A May 5 editorial mischaracterized a vote by Haverford Township Commissioner Andy Lewis, whose call to local authorities led to a state investigation that last month produced corruption indictments concerning development of the former Haverford State Hospital site. Lewis' following explanation of his vote corrects the record:
Although I have no problem with your decision not to endorse me for Delaware County Council, your "conflict of interest" allegation was unfair, inaccurate and completely unfounded.
According to your editorial, as a Haverford Township commissioner, I "didn't see the conflict in voting on public contracts with a company, Independence Blue Cross," upon whose board I sit.
To set the record straight, I have never voted to award Independence Blue Cross one, let alone multiple, "public contracts." That is a false statement.
Most important, anyone objectively reviewing all the facts on what I actually did vote on would agree there was no "conflict of interest," either, because I have never voted to place any business with Independence Blue Cross.
Haverford Township is contractually obligated to provide its employees and retirees with Blue Cross coverage, and has subscribed to Blue Cross for more than 35 years, long before I became a commissioner. Furthermore, all contract renewals with Blue Cross are negotiated jointly by the township manager and the human resources director, not by the Board of Commissioners.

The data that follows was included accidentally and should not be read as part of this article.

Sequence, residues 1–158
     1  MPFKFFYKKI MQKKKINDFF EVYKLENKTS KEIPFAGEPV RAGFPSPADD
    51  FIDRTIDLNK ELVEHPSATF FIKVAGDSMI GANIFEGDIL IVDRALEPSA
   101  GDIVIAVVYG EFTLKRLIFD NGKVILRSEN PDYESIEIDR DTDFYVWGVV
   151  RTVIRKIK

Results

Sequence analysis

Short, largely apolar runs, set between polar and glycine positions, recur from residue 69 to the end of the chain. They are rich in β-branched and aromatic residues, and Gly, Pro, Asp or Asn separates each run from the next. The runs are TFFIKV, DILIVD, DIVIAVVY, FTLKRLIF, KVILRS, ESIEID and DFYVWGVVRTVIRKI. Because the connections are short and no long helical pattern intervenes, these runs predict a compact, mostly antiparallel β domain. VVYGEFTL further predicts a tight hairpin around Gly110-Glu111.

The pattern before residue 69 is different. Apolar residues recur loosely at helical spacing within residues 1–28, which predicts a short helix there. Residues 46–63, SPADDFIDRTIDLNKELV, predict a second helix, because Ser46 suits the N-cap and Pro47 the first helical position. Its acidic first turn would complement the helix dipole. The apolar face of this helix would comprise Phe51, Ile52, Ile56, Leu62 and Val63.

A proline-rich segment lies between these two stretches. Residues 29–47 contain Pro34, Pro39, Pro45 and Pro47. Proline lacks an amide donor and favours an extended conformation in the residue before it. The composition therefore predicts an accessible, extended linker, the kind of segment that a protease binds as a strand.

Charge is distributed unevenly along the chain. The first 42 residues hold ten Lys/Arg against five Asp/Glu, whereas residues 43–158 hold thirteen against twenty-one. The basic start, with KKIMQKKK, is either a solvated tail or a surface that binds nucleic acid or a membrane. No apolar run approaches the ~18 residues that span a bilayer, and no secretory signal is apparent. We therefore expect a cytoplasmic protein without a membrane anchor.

On Nov. 28, 2006, I voted to allow our township to join with 32 other Delaware County municipalities and authorities in an affiliation, or buying group, to provide negotiating leverage for the sole purpose of saving tax dollars by paying less for Blue Cross. The measure passed by a 9-0 vote.
By joining the affiliation, Haverford Township taxpayers will save $187,587 in 2007. The combined savings for the other affiliation members - and therefore, for other Delaware County taxpayers - was more than $2.5 million. In other words, my vote contributed to Blue Cross' actually losing $2.5 million in premium revenue.
I am very thoughtful about each of my votes as a commissioner, and I reviewed this transaction carefully before casting my affirmative vote. I was not, however, going to be intimidated into abstaining simply because my political opponents fabricated another "conflict of interest" allegation, as they had done in the past on other matters.
If the vote had hypothetically been tied 4-4, and I had acquiesced to my political opponents and abstained from voting, the measure would have failed. If that had happened, Haverford Township taxpayers would be paying $187,587 more in health insurance premiums in 2007.
I have fought for honesty and open government from the day that I first took office as a commissioner and I proudly stand behind my vote to save $187,587 for Haverford's taxpayers and to help other Delaware County taxpayers save $2.5 million.